Eventually the guy next to him got off the train, so I came over and was like "McNulty!" and he kind of smiled shyly. So I asked him if I could sit down and talk to him and promised it'd just be for a couple minutes, since I didn't want to be like the guy in Zuckerman or whatever, and he said sure, in a not unfriendly way. Of course I had to start off asking him questions premised on the fact that I was talking to "Dominic West", but I soon realized I didn't really care much about "Dominic West", so the conversation was a bit stilted (he was less impressed than I had hoped, for instance, by my revelation that I, like him, am from England). But once I just started assuming he was McNulty things went better. He said he's not in season 5 very much (which they're filming in Baltimore right now, hence him being there) but it's the best one yet. It'll be out in January. SPOILER ALERT - SKIP TO THE END OF THE PARAGRAPH IF YOU WANT TO AVOID LEARNING EVEN THE MOST BANAL TWO PIECES OF INFO THAT I WAS ABLE TO GET OUT OF HIM ABOUT WHAT HAPPENS IN SEASON 5: He ends up with that nice Beadie Russell but they "have problems". Bubbles does not die.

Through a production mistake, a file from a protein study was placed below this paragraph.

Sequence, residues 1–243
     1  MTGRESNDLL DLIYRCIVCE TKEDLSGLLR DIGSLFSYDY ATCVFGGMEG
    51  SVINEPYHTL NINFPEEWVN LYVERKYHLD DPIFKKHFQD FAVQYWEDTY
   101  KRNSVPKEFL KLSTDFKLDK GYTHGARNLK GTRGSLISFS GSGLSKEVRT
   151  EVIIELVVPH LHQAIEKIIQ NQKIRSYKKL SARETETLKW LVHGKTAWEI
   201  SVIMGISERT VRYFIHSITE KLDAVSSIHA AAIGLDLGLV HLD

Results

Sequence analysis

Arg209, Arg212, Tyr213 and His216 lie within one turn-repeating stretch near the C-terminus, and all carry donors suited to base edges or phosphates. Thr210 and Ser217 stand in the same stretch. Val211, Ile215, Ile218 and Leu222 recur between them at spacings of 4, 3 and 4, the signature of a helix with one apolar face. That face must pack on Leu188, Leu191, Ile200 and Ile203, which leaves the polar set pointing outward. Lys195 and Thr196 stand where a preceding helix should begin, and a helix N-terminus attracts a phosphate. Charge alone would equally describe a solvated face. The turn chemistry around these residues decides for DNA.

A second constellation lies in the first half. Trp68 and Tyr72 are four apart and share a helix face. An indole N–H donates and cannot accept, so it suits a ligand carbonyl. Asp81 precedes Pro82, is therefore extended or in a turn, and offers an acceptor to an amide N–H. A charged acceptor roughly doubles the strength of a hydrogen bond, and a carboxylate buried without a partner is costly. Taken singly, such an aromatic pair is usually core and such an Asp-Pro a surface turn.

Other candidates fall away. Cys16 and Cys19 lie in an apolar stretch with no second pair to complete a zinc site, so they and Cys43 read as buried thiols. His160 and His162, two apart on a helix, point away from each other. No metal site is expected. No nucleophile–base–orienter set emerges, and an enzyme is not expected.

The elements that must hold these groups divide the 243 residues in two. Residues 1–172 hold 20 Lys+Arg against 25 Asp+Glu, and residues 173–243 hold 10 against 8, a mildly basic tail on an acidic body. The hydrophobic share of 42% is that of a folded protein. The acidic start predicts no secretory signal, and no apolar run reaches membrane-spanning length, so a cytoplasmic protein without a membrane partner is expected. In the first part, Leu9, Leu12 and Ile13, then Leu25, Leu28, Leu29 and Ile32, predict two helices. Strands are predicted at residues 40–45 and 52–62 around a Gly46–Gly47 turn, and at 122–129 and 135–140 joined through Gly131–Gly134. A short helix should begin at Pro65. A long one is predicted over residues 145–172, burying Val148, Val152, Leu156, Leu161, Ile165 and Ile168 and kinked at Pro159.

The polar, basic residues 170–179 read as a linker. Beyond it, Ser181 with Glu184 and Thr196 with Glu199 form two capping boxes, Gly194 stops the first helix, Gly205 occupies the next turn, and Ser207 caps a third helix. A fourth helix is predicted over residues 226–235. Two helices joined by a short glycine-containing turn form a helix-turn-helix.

I got him to flash that roguish McNulty grin a few times, to my immense gratification (though I am no coblogger.) One time I think was when I told him that my Mom liked Stringer Bell best, and he said alot of the ladies like Stringer Bell best, and then he said "Bastard!"


Re: On Chesil Beach: Who knew that Ian McEwan was such a fan of the early-'60s British blues boom? I'm going to go out on a limb and say he's the greatest novelist in history to mention both John Mayall and Alexis Korner in two consecutive books.

Attention Zack fans: My erstwhile coblogger has a piece in the New Republic, on NBC News White House correspondent David Gregory and how he "saved the White House press corps." Update: Doesn't coblogger read kind of like a homophobic slur? Not intended, bro, for reals.


Slate's Dahlia Lithwick explains the significance of this week's Guantanamo decisions: